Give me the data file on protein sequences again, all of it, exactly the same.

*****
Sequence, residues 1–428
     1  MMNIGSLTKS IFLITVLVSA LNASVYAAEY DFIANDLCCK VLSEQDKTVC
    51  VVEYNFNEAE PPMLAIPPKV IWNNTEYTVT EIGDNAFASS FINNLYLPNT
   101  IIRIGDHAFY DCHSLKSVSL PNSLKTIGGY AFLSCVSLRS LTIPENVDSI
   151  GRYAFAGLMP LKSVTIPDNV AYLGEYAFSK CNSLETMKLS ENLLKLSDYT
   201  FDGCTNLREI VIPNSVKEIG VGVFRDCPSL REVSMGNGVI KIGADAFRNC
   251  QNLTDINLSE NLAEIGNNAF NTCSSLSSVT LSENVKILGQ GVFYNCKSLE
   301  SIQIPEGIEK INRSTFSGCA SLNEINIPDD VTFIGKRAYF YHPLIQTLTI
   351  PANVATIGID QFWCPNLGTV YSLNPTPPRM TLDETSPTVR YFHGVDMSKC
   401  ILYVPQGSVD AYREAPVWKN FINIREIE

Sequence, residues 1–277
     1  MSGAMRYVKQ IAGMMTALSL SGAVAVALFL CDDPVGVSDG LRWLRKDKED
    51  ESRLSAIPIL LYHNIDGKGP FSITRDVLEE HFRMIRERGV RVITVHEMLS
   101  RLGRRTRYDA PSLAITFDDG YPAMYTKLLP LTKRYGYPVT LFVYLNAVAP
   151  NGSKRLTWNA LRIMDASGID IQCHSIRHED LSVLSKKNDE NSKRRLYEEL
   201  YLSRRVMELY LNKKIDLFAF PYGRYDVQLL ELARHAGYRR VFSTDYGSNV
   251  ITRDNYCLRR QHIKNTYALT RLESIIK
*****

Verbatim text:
Sequence, residues 1–428
     1  MMNIGSLTKS IFLITVLVSA LNASVYAAEY DFIANDLCCK VLSEQDKTVC
    51  VVEYNFNEAE PPMLAIPPKV IWNNTEYTVT EIGDNAFASS FINNLYLPNT
   101  IIRIGDHAFY DCHSLKSVSL PNSLKTIGGY AFLSCVSLRS LTIPENVDSI
   151  GRYAFAGLMP LKSVTIPDNV AYLGEYAFSK CNSLETMKLS ENLLKLSDYT
   201  FDGCTNLREI VIPNSVKEIG VGVFRDCPSL REVSMGNGVI KIGADAFRNC
   251  QNLTDINLSE NLAEIGNNAF NTCSSLSSVT LSENVKILGQ GVFYNCKSLE
   301  SIQIPEGIEK INRSTFSGCA SLNEINIPDD VTFIGKRAYF YHPLIQTLTI
   351  PANVATIGID QFWCPNLGTV YSLNPTPPRM TLDETSPTVR YFHGVDMSKC
   401  ILYVPQGSVD AYREAPVWKN FINIREIE

Sequence, residues 1–277
     1  MSGAMRYVKQ IAGMMTALSL SGAVAVALFL CDDPVGVSDG LRWLRKDKED
    51  ESRLSAIPIL LYHNIDGKGP FSITRDVLEE HFRMIRERGV RVITVHEMLS
   101  RLGRRTRYDA PSLAITFDDG YPAMYTKLLP LTKRYGYPVT LFVYLNAVAP
   151  NGSKRLTWNA LRIMDASGID IQCHSIRHED LSVLSKKNDE NSKRRLYEEL
   201  YLSRRVMELY LNKKIDLFAF PYGRYDVQLL ELARHAGYRR VFSTDYGSNV
   251  ITRDNYCLRR QHIKNTYALT RLESIIK